7. Namibia: Fine elbaite of rich green color (called chrome tourmaline).
8. Madagascar: Liddicoatite in a range of colors, and shades; crystals often concentrically zoned with many color zones, triangular in outline; many crystals enormously sized.
9. Kenya: Red and yellow dravite, among other red-colored Tourmalines
6. Look for Inclusions
A gemstone inclusion is any material that is trapped inside a stone during its formation. Tourmaline shows very distinct shapes and sizes of inclusions that can never be faked or replicated industrially. So this is a foolproof way to tell if your crystal is real or not.
- The most commonly occurring inclusions found in tourmalines are irregular thread-like cavities that may occur singly or in loose, mesh-like patterns. Under high magnification, these look like tubes filled with liquid and may sometimes contain a gas bubble or two.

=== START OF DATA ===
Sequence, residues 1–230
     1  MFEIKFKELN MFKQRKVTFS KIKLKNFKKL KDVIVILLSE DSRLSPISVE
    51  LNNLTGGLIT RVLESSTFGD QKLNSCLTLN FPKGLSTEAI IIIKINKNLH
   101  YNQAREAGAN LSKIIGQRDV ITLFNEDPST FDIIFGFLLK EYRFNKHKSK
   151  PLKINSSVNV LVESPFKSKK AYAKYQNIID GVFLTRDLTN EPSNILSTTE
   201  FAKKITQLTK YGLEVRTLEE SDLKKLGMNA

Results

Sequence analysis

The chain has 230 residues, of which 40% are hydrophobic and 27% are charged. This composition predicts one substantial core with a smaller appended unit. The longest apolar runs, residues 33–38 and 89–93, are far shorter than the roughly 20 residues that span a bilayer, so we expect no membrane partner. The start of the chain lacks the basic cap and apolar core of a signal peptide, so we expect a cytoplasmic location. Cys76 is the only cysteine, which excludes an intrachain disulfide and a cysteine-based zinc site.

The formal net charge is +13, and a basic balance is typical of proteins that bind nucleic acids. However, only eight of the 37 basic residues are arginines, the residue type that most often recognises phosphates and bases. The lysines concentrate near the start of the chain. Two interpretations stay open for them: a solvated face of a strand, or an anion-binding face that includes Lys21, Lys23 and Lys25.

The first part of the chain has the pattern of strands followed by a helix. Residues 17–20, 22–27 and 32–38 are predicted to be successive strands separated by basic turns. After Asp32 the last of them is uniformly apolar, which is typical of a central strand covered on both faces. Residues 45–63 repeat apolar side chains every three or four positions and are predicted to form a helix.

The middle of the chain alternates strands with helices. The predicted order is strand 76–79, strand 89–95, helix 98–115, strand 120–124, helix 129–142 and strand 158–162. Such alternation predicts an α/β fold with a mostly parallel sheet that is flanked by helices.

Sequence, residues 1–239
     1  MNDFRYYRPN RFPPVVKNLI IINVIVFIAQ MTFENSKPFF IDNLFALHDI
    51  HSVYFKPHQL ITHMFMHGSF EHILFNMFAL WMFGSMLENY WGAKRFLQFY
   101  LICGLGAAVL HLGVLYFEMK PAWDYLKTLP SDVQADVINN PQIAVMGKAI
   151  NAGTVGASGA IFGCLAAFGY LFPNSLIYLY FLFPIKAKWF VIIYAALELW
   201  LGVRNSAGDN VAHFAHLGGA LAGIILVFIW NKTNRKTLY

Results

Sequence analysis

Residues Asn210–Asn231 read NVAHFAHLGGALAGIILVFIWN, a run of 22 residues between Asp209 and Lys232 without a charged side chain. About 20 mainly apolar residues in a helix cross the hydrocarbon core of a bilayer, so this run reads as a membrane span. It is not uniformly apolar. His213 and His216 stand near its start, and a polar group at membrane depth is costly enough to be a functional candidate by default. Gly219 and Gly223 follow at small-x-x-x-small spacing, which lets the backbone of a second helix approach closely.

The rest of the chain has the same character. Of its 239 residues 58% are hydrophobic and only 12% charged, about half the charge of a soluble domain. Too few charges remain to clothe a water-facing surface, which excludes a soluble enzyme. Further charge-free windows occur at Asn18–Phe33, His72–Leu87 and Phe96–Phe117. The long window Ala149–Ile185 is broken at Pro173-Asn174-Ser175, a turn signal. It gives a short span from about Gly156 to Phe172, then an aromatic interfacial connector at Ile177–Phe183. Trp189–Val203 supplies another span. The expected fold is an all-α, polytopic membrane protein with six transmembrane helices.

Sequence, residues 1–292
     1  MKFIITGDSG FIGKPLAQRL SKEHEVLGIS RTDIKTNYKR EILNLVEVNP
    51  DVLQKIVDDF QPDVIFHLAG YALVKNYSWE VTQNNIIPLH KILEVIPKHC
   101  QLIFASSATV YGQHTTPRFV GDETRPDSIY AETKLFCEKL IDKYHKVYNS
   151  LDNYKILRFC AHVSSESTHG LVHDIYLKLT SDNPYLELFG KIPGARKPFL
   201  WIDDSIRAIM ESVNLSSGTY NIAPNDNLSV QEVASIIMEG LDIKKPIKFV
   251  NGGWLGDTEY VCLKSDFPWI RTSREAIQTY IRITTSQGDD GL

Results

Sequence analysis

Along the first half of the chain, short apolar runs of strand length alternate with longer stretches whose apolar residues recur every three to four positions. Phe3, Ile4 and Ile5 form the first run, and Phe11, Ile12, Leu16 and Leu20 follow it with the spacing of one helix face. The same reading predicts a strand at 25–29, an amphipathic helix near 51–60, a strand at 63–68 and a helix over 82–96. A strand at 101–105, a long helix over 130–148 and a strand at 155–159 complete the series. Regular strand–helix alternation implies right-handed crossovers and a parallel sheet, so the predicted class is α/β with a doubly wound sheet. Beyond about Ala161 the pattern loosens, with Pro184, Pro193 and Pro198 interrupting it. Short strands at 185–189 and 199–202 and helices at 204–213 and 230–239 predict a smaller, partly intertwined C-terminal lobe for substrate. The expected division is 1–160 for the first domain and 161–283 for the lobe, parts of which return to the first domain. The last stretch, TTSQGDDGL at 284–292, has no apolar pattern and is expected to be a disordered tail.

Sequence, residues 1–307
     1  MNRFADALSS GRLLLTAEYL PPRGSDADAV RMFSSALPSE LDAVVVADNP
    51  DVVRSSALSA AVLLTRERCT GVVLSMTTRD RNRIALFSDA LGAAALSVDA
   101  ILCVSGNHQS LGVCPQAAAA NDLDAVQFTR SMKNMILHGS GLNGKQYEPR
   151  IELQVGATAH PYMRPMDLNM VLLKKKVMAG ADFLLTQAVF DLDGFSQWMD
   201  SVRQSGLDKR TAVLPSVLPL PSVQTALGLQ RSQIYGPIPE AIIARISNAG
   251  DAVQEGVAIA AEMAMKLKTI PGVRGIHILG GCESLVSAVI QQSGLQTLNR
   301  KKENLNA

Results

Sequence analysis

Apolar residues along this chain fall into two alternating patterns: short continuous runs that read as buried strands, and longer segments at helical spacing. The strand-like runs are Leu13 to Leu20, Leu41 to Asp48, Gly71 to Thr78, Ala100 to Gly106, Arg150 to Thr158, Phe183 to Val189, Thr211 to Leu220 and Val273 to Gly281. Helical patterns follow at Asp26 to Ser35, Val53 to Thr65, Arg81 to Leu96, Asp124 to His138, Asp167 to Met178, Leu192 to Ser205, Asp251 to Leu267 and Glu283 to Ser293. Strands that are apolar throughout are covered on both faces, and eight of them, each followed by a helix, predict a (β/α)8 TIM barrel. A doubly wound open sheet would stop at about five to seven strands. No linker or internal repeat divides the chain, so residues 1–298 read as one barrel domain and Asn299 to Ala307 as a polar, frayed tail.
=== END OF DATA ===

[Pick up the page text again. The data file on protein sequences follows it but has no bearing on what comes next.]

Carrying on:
- Flat films are another common inclusion, most typically in red tourmalines, and if these happen to be viewed at such an angle that the light falling on them is entirely reflected from them, they appear as black patches.
- The tourmalines from Paraíba, Brazil, sometimes contain yellow metallic-appearing inclusions. So if your Tourmaline has a yellow tinge inside it, it is still likely real.
- It is typical of Tourmaline to have two or more colors present in a single crystal, and some are characterized by concentric or layer-like zoning parallel to the length of the prismatic crystals.
Read about the different colored Tourmaline here.
A particolored tourmaline typically consists of a core (the central portion) where two or more colors of the crystal meet.
The core of a real Tourmaline crystal will be the palest in color and the strongest part of the stone. This can be observed in ‘watermelon tourmalines’, which occur with a pink central portion surrounded by a rim of green-colored material.